Another cause of the media crisis is the trivialisation of our agenda. We are presenting on our screens or newspapers news that is irrelevant, sensationalist, superficial…and depressing, instead of addressing the topics truly important to society. The French sociologist Pierre Bourdieu noted that: 'putting the emphasis on events of little significance, filling the limited time we have with nothing- or almost nothing, we eliminate relevant topics that would be needed for the citizen to exercise his democratic rights' ('Sur la télévision', 2004). This obsession with 'ratings' leads us also towards the presentation of more and more violence and sex on our screens but also in tabloids. Instead of educating the people, we are becoming a tool for depraving our audience and particularly the young!

In the face of all this what was our mission supposed to be? I was lucky to start my work as a journalist at 27, fresh out of the Sorbonne, under the leadership of Beuve-Méry, the founder of 'Le Monde'. He was arguably the greatest media man of the 20th century and, arguably, 'Le Monde' was then the best newspaper ever. He taught me everything I needed to know about my job as a journalist and everything I consider up to this day as relevant in our vision of the media. For him the media – albeit with the necessity to be profitable – was not a mere business. 'Never forget,' he kept saying, 'we are there as human beings and citizens addressing other human beings and citizens. This is a blessing. We ought to be up to it'. For Beuve-Méry, entering the media was, therefore, comparable to entering the Church. It was an ordeal.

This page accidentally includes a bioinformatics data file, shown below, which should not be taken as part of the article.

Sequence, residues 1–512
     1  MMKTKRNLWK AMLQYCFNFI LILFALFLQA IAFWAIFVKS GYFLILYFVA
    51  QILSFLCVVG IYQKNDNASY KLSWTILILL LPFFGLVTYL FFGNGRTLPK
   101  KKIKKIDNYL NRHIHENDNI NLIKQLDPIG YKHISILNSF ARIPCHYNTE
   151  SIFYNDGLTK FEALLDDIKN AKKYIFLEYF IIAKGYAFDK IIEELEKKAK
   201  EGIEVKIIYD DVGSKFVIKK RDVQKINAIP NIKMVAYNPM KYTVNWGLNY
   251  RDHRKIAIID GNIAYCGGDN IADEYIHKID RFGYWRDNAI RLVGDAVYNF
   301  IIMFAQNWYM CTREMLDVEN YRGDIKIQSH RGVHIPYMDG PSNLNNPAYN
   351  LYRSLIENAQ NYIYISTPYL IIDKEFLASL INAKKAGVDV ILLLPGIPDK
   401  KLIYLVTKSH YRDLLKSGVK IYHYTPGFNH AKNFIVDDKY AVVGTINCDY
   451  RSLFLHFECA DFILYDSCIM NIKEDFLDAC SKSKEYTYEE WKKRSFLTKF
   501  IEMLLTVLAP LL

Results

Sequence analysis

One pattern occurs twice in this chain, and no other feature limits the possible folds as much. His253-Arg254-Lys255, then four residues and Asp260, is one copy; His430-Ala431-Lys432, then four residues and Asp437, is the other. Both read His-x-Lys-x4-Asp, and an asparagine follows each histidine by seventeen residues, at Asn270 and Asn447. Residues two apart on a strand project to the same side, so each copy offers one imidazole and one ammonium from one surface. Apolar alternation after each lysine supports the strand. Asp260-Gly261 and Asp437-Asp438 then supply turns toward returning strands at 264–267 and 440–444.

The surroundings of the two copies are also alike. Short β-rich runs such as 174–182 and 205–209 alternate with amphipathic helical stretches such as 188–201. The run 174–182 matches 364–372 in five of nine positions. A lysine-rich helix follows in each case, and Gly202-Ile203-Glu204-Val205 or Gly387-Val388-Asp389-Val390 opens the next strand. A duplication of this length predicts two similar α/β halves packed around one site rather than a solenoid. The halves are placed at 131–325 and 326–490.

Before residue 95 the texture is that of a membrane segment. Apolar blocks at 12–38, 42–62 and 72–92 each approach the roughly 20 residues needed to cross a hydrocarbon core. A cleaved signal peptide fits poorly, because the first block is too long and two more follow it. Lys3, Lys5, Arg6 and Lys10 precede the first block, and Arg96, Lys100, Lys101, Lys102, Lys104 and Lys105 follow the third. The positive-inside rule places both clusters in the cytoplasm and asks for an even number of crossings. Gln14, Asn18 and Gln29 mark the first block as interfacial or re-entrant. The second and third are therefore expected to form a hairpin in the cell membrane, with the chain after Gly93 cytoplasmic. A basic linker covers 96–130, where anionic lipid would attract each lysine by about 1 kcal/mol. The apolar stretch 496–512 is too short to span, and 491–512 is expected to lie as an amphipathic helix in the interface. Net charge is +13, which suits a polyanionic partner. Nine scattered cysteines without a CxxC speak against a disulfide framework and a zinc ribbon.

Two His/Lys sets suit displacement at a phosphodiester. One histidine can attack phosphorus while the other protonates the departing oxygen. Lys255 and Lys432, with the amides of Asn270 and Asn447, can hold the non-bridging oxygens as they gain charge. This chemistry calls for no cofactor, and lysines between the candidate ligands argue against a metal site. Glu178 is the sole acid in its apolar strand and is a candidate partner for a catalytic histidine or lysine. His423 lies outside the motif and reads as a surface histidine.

One day he gave me the best lesson in journalism, and a very short one. He called me to his office after one of my first articles (he never did that, except to approve the unsigned editorial of the paper). He was not happy. He thought I presented there too much of my own views and he told me with great passion: 'You want to know what journalism is? It is very simple. Something is happening, you go there and you report, using what the Americans call the five 'ws' (where, who, what, when, why). But this is not enough! You have to present the historical, political, sociological, economic background to what happened. Then you have to tell your reader what Mr X or Y or the party A or B suggest to do about it. And then, my friend, your reader will have all he/she needs – and not only all he/she wants! – to understand the matter, to think about it and to make up his own mind. Then, my friend, he/she will be a citizen and we will live in a true democracy!' and he added: 'but there is also a second part of the job, particularly relevant for you since you hope to become a foreign correspondent: you and only you in the media have the opportunity to bring the 'Other' to our readers, the other religion, the other way of life, the problems and dreams of others. And by doing so you will build a world of mutual understanding, of respect and yes of peace!'